Cyber security is more important today than ever before. Many businesses, especially small businesses, are the victims of cyber attacks daily—and the outcome for many is detrimental. In fact, did you know that 60% of small businesses who fall victim to cyber attack close their doors within six months?
The fact of the matter is that cyber threats—whether they be ransomware or phishing—are too grave to ignore the risks. Preparation and prevention are key to keeping your business safe. In this article, we’ll discuss seven steps to avoid cyber security threats.
Train Your Staff
First things first, train your employees. Make the guidelines of your business’s cyber security policy abundantly clear. Apart from training, employees should also be familiarized with and taught how to identify suspicious activity. Lastly, employees should know safe practices for sending and receiving data.
For example, they need to know how not to send excel spreadsheets in an email. Instead, create a zip file or convert the document into a PDF. Why? It is very easy to scrape data from an excel file while in an email.
Train Your IT
Your Information Technology (IT) department should additionally be trained. An IT department, according to Jobs.net, “oversees the installation and maintenance of computer network systems within a company.” They also help businesses maintain their digital infrastructure and provide troubleshooting.
This considered, IT departments need to know what to look for when it comes to cyber security threats.
Regularly Update Software
Firstly, your software should be particularly designed to block ransomware. Secondly, this software should be routinely updated.
To many people’s surprise, cyber attacks often happen when systems and/or software aren’t fully up-to-date, leaving room for weakness. These points of weakness are then exploited by cybercriminals to gain access to your network.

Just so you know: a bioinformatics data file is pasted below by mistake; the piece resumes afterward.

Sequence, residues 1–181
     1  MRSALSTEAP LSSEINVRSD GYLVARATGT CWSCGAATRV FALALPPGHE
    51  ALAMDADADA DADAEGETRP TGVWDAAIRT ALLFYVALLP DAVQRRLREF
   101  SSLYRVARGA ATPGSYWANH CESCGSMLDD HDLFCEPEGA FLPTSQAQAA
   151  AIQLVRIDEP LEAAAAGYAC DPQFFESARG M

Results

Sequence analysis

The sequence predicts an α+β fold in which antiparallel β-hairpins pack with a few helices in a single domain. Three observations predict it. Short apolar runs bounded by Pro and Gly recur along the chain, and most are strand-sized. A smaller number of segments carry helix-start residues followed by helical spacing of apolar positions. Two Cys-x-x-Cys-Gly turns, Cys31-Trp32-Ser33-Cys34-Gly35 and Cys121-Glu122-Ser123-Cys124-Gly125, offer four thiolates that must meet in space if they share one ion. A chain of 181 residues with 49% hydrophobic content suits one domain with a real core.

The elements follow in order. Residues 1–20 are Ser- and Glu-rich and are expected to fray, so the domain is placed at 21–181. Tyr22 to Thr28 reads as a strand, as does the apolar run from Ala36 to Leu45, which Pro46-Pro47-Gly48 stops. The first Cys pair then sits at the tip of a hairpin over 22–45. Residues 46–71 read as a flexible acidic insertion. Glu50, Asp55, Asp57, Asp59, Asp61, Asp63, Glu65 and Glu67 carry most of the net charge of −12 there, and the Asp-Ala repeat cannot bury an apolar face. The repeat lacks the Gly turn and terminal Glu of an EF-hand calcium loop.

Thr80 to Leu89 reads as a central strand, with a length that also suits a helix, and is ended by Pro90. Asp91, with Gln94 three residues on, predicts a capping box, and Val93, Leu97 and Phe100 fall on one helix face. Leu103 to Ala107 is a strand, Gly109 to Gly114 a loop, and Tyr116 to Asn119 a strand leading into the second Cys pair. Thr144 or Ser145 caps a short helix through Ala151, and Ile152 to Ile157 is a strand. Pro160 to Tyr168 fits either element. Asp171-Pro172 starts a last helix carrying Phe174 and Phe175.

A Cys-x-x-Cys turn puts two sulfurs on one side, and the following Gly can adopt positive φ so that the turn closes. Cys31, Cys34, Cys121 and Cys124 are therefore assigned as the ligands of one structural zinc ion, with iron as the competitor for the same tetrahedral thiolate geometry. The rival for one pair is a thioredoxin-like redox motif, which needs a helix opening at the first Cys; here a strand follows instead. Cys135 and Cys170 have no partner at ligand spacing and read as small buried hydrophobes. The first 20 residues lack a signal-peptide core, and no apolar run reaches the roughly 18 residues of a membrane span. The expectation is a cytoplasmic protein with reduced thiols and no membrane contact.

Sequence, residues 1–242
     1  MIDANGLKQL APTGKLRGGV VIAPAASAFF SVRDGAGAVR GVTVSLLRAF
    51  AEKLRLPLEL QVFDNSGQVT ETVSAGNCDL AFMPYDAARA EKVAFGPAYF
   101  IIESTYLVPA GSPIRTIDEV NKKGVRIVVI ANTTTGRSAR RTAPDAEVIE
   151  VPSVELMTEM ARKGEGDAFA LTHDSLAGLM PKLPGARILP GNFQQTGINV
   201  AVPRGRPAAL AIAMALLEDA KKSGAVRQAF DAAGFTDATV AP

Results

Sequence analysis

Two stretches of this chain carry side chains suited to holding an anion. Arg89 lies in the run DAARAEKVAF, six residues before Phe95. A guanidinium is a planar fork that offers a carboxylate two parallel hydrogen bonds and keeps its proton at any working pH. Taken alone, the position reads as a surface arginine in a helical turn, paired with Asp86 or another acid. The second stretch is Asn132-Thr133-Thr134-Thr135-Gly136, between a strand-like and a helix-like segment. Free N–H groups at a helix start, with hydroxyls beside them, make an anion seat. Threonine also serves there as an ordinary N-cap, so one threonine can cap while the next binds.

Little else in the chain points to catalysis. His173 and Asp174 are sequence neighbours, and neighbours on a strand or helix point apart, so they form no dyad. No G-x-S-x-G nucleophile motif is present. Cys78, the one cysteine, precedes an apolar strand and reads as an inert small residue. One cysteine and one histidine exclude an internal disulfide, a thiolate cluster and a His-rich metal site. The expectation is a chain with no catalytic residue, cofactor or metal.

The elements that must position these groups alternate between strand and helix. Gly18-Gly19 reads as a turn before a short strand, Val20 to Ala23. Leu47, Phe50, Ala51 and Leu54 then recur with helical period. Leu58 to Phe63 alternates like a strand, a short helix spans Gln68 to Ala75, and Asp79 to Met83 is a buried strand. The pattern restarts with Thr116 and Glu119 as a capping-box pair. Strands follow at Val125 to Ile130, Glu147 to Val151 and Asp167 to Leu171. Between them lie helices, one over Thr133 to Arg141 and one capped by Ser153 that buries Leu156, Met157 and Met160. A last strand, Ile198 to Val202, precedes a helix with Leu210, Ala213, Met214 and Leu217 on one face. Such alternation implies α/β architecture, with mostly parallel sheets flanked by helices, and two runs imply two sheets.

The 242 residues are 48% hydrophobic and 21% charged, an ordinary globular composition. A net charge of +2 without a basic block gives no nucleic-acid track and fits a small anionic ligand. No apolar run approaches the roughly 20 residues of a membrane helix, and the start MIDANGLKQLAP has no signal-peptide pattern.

Don’t let it get to this point.
Promote a Security-Focused Culture
Forbes states that “the security culture of an organization is foundational to its ability to protect information, data and employee and customer privacy.”
(“Security culture” being “the ideas, customs and social behaviors of an organization that influence its security”).
According to Maryville University, encouraging a strong security culture within a business might look like:
- Holding regular training sessions for employees to help them recognize external threats
- Teaching employees strategies for minimizing their risk of being hacked
Backup and Encrypt Data
Imagine, your business experiences a cyber attack—and none of your data is backed up. This would result in serious financial loss as well as loss of data, not to mention downtime.
Be sure to back up and encrypt your data instead. We advise you to encrypt:
- Client and customer information
- Employee information
- And all other business data
Minimize Access to Your Systems
When it comes to allowing others access to your data, whether it be passwords, email, or a host of other personal information, some humans can lean a bit too far to the trustworthy side.
Having control over who can access your network is crucial—whether online or in-office. Better safe than sorry!
Invest in Cybersecurity Insurance
Of course, we have to mention the benefit of investing in cyber security insurance.
A cyber liability policy might include:
- Data Breach Coverage
- Business Interpretation Loss Reimbursement
- Cyber Extortion Defense
- Forensic Support
- Legal Support
- Coverage beyond a General Liability Policy
When it comes to cyber risk, there’s nothing worse than being ill-prepared. Read on to learn more about cyber coverage: how necessary is it?